ALA 2011 New Orleans

Personal impressions from the floor of the convention by John Riley, editor The Library Marketplace.

It was heartening to return to The Big Easy and see all of the progress the city has made in its recovery from Hurricane Katrina. In his address to the Convention Mayor Mitch Landrieu attributed a large part of the city’s success at bringing life back to the city to the rebuilding of neighborhood libraries. Still, over half of the public schools remain closed.

New Orleans has lost nearly half its population and its neighbor Baton Rouge has grown by 150,000 people since Katrina. 15 billion dollars have been spent to completely rebuild the city’s system of levees, but it still could not survive a direct hit from a category 5 hurricane. The city is still awaiting billions more in funds that are being held up in bureaucratic limbo. Disputes on how to spend the money have held up projects such as the reconstruction of the completely destroyed Lower 9th Ward.

Attendance figures for ALA in New Orleans totaled 20,186. Advance registration totaled 11,273 and on-site came to 3,696. Exhibit personnel totaled 5,217.

Last year’s conference in D.C. totaled 26,201, while Chicago attracted 28,941 in 2009.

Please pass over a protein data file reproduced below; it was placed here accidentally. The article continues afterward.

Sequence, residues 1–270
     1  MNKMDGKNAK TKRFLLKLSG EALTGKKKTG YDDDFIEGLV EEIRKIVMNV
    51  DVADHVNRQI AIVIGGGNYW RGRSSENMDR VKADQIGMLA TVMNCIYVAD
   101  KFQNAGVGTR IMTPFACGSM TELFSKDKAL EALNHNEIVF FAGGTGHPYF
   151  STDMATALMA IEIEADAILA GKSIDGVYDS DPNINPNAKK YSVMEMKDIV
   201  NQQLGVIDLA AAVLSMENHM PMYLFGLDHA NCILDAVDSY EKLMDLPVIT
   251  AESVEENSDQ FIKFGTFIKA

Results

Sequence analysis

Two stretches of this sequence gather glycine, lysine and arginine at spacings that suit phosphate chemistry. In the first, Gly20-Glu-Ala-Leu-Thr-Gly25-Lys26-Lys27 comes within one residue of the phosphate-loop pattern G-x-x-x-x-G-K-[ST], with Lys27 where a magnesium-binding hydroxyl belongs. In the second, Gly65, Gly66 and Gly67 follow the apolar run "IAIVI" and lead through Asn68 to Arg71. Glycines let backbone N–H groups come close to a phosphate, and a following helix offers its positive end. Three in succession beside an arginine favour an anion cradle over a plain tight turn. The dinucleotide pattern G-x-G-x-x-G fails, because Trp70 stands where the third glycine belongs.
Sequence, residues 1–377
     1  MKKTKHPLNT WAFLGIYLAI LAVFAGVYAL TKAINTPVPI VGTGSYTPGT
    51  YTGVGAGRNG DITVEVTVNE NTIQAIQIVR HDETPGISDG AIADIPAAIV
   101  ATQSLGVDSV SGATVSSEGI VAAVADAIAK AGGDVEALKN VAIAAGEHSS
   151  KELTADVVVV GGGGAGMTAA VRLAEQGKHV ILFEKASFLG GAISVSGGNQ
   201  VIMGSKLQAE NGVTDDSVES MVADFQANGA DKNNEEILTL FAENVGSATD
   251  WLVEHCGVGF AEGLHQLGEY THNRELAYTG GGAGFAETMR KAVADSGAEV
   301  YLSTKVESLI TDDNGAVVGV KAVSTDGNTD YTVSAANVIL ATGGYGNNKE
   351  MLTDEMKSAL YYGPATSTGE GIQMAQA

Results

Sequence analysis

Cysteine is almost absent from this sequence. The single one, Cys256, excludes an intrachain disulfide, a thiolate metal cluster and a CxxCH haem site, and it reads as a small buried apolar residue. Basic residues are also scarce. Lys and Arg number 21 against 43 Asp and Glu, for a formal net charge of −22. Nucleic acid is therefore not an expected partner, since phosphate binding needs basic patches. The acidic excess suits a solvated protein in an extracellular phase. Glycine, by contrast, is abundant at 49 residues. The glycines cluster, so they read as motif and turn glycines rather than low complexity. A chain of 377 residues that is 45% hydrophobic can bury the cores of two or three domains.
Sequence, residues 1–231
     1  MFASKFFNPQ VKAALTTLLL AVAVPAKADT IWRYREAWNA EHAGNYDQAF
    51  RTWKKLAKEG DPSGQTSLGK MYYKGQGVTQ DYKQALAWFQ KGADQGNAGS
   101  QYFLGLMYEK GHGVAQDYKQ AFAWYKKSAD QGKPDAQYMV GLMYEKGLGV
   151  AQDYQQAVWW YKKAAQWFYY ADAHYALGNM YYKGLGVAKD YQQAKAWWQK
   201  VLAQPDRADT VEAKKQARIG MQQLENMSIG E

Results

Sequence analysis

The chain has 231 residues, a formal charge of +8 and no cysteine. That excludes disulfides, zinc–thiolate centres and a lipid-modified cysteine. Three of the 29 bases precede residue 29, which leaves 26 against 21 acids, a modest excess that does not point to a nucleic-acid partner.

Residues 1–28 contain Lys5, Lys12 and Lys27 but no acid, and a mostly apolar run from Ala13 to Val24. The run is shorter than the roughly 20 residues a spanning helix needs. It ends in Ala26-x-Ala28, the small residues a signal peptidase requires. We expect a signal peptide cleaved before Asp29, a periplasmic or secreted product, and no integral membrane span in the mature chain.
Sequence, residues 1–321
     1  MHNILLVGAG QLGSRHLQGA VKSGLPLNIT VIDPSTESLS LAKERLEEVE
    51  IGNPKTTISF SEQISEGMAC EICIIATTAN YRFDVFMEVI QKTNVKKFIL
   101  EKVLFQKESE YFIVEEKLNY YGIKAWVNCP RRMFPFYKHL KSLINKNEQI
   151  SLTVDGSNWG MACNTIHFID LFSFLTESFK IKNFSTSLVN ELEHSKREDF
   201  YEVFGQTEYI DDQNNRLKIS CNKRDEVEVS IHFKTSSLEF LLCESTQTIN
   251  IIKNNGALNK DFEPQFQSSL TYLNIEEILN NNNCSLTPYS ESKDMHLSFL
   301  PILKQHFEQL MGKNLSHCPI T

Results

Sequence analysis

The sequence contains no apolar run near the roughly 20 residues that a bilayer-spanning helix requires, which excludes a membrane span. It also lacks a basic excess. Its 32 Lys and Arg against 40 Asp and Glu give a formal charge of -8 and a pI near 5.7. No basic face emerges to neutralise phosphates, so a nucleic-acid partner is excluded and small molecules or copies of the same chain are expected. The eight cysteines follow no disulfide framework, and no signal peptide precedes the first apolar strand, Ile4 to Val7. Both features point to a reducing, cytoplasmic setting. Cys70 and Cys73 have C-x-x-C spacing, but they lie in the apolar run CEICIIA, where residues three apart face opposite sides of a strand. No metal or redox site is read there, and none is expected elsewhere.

The next two ALA conventions in Dallas for mid-winter and Anaheim for annual have been greeted with lukewarm responses so far.

Temperatures in New Orleans hovered in the mid 90’s all week, but the rain held off and we only had to deal with 90% humidity. Inside Morial Convention Center sweaters and coats were at a premium as the air conditioning was cranked up to the freezing point. Many of us got lots of exercise walking in the extremely long and narrow Convention Center that snakes along the Mississippi River. Buzzy Basch, who wears a pedometer, logged over 6 miles in one day just walking inside the Convention Center! Walking was probably a good idea after all of the great meals in the booming restaurants such as Mulate’s, NOLA and Cochon where librarians were happy to indulge in the local cuisine. The hot spot for jazz was Irwin Mayfield’s Playhouse in the Royal Sonesta on Bourbon Street. It hosts a very lively local music scene and by local I mean the top musicians in New Orleans. The other hot spot is a group of clubs that includes Snug Harbor (where the Marsalis family holds court) on Frenchmen Street just East of the French Quarter. Some, mainly younger, librarians were heard to be groaning at their 8 a.m. meetings after helping close down clubs that morning at 4 a.m.

Some of the hot topics at ALA reminded me of Book Expo America, the publishing and bookstore convention held in New York in May. There was renewed buzz on the floor about books, especially because of ebooks. Books are in the news all the time now and publishers are excited about their prospects with ebook readers taking off and the promise of more international sales. Many librarians, as well as booksellers at BEA, were looking to find their bearings in the digital revolution that is sweeping across publishing and libraries alike. Both contingents are trying to find a way to stay relevant in a world of electronic delivery of books and information.